Executive Order 9981 issued by President Harry Truman on July 26, 1948 brought about a de jure end to racial discrimination in the United States of America’s armed forces. Perhaps military service can be looked upon as pre Executive Order 9981 and post Executive Order 9981. Sixty-eight years have passed since the signing of that order. Within that this sixty-eight year window Americans have fought in Korea, Vietnam, Panama, Grenada, Somalia, Kuwait, Lebanon, Kosovo, Cambodia, Laos, Libya, Afghanistan, Pakistan, Iraq, and Syria. This is just a brief list of America’s overt military involvement. The covert list will remain substantial but incomplete. One hundred and seventy-eight years preceded Truman’s order marked by the death of Crispus Attucks who became the first casualty of the American Revolution in 1770. Subsequent to Attucks’s death, America won its independence from Great Britain. Yet, there was still war with Britain. There was war with Spain. There was war with Native Americans. There was the Civil War fought over African enslavement. There was World War I. There was World War II. Included among this list are perhaps too many military skirmishes to mention.
Memorial Day, which is a celebration and remembrance of America’s war dead, has been recognized since 1868. Consequently, we must remember that Memorial Day is more than just an official beginning to the summer season of sun and fun. The war dead has to be remembered. It has been stated that “war is politics with bloodshed.” Often those Americans who die in war come from a socioeconomic background that does not always get to celebrate all the wealth that America has to offer. Nevertheless, they fight and die. Often it is the youth of the nation who find themselves on the front-lines of our wars. They have not lived long enough to understand the depth, breadth, and scope of America. Nevertheless, they fight and die. Prior to the end of the war in Vietnam, one could argue that they were conscripted into service. Today’s military is all volunteer. They still fight and die. There are many veterans who are the walking wounded. Some have readily apparent physical injuries. For others who live, something inside of them has died. We must not forget those soldiers either. There are those who will criticize America for its imperialistic use of force. What must we say to the youth who follow the orders? A well-trained soldier runs toward the noise and does not flinch. A line from a famous poem sums up this reality, “t’is not ours to question why…”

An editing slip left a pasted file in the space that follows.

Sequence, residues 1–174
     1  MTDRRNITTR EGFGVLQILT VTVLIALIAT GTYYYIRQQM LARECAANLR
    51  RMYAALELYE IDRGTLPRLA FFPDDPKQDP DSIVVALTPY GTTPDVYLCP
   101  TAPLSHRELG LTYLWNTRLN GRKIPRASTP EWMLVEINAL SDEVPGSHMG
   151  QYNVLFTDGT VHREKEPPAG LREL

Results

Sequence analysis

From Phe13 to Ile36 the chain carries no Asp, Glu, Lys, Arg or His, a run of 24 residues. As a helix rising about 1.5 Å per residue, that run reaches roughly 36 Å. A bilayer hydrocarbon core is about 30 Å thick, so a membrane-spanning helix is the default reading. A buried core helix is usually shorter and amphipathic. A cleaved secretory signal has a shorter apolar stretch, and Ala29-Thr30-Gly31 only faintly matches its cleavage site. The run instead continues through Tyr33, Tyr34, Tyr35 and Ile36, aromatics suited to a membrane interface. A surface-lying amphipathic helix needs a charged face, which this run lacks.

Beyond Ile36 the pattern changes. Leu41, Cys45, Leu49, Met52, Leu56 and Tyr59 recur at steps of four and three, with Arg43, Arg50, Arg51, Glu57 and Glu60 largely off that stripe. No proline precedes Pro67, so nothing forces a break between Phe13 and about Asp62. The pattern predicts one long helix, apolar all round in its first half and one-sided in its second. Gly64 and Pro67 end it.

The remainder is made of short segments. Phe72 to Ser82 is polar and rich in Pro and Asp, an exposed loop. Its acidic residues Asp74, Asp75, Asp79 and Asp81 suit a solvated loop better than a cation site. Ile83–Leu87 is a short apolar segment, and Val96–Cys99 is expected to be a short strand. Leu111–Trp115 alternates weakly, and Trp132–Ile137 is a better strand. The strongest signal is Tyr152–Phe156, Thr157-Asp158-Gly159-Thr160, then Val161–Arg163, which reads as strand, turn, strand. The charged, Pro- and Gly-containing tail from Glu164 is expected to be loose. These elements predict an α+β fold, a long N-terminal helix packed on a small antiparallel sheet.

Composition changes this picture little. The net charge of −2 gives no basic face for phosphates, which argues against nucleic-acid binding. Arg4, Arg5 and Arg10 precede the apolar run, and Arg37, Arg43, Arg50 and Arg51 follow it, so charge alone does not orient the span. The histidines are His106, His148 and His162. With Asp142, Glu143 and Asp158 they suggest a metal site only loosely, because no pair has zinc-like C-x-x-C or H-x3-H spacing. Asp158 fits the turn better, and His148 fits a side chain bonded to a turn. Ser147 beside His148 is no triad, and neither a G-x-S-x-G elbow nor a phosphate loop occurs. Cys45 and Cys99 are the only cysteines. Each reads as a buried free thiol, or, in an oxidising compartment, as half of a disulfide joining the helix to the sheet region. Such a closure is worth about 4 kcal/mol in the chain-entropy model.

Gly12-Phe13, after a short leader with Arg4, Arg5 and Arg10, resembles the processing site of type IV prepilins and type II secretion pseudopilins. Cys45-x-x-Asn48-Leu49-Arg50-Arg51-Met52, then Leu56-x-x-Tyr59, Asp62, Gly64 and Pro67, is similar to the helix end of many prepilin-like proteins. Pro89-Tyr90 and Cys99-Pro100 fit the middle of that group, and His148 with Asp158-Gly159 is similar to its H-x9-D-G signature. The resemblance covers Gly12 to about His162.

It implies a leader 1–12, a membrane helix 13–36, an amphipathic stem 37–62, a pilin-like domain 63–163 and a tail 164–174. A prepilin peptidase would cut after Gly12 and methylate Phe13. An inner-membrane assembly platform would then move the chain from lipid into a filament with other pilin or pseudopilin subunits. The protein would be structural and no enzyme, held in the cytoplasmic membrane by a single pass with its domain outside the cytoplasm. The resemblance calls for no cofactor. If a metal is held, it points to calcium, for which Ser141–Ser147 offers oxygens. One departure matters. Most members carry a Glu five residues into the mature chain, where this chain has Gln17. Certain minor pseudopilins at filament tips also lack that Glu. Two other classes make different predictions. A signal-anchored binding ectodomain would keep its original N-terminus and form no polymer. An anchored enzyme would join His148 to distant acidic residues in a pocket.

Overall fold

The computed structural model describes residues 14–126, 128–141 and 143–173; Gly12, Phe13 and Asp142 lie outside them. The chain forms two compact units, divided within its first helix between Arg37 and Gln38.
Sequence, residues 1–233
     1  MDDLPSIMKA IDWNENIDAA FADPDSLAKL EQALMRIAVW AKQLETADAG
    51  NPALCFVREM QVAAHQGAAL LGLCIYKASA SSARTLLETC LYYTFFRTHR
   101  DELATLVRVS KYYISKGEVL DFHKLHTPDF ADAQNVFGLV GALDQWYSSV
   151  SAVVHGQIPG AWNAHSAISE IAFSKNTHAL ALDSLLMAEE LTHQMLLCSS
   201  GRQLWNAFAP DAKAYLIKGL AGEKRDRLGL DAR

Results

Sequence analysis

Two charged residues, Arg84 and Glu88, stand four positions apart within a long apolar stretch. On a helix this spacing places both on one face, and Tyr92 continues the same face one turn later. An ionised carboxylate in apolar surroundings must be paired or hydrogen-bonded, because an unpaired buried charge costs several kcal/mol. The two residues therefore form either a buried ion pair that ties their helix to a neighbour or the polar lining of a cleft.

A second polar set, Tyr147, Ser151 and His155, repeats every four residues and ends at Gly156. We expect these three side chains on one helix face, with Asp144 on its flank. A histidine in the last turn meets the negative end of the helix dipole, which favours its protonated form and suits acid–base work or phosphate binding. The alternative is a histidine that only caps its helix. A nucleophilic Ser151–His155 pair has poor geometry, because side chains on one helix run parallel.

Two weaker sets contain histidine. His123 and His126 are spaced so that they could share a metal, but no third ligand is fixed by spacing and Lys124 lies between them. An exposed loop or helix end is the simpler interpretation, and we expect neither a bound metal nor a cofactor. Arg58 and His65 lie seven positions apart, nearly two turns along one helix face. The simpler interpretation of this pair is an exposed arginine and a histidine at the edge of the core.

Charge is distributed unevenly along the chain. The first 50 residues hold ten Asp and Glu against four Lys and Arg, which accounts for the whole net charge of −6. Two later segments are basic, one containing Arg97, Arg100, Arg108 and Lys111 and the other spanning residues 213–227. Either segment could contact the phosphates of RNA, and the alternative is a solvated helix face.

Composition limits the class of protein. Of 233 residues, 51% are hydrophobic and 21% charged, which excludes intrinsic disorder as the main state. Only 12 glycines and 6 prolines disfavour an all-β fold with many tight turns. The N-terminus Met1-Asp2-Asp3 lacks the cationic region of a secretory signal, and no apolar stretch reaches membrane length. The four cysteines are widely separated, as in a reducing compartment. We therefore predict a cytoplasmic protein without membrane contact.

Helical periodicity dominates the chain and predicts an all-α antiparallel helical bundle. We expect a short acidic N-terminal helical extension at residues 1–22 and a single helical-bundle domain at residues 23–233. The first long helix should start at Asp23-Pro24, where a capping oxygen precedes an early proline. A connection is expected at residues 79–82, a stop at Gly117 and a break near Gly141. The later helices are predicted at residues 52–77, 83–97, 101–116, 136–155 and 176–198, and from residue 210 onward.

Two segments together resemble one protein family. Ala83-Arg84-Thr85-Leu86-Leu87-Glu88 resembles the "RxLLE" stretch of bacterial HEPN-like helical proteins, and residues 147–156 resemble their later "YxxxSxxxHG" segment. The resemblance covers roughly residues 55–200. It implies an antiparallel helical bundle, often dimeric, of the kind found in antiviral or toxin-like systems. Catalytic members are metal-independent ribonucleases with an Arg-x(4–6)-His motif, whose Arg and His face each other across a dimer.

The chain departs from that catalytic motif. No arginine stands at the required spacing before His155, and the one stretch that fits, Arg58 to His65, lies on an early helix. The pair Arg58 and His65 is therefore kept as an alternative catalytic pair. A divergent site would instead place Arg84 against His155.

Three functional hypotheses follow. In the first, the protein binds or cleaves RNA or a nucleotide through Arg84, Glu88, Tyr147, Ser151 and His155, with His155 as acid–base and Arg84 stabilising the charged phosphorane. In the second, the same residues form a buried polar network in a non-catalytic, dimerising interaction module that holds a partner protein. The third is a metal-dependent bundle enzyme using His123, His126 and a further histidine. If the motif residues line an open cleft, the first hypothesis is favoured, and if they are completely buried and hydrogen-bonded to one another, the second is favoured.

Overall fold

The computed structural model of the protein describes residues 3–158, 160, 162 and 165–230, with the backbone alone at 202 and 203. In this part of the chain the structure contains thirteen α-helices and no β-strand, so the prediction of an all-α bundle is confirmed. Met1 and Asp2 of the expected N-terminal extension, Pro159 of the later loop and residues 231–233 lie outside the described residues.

The Constitution of the United States of America says that only Congress has the power to declare war. The Constitution follows this up by saying that the President shall be the Commander-in-Chief of America’s armed forces. Congress and the President make the decision of when and where to go to war. Inevitably Congress and the President must know that they are sending some citizens off to die. This is a grave responsibility that cannot and must not be taken lightly. The earth cannot be used as a chess board for flesh and blood. Last week President Obama visited Vietnam. More than likely, this week he will be near the Vietnam Memorial. President Obama also visited Hiroshima, Japan. I can only imagine that in about 100 years from now a President will visit a memorial in Afghanistan, Iraq, and Syria.
Anthony Neal earned his Ph.D. in political science at Atlanta University (now Clark Atlanta University). Dr. Neal is an associate professor at State University College, Buffalo. The author of numerous book reviews and journal articles, he has had his work published in the Western Journal of Black Studies, the Journal of Black Studies, and Black Issues in Higher Education. In 2014 Dr. Neal received the university’s Faculty Appreciation Award, was named Instructor of the Year by the university’s United Student Government, and Professor of the Year by the Student Political Society in the Department of Political Science. In 2015, he published The American Political Narrative which is a succinct yet poignant narrative about the development of the American political system and what is needed to maintain it. In 2016, he will publish a book of poetry entitled “Love Agnostic | from 9/11 to Charleston”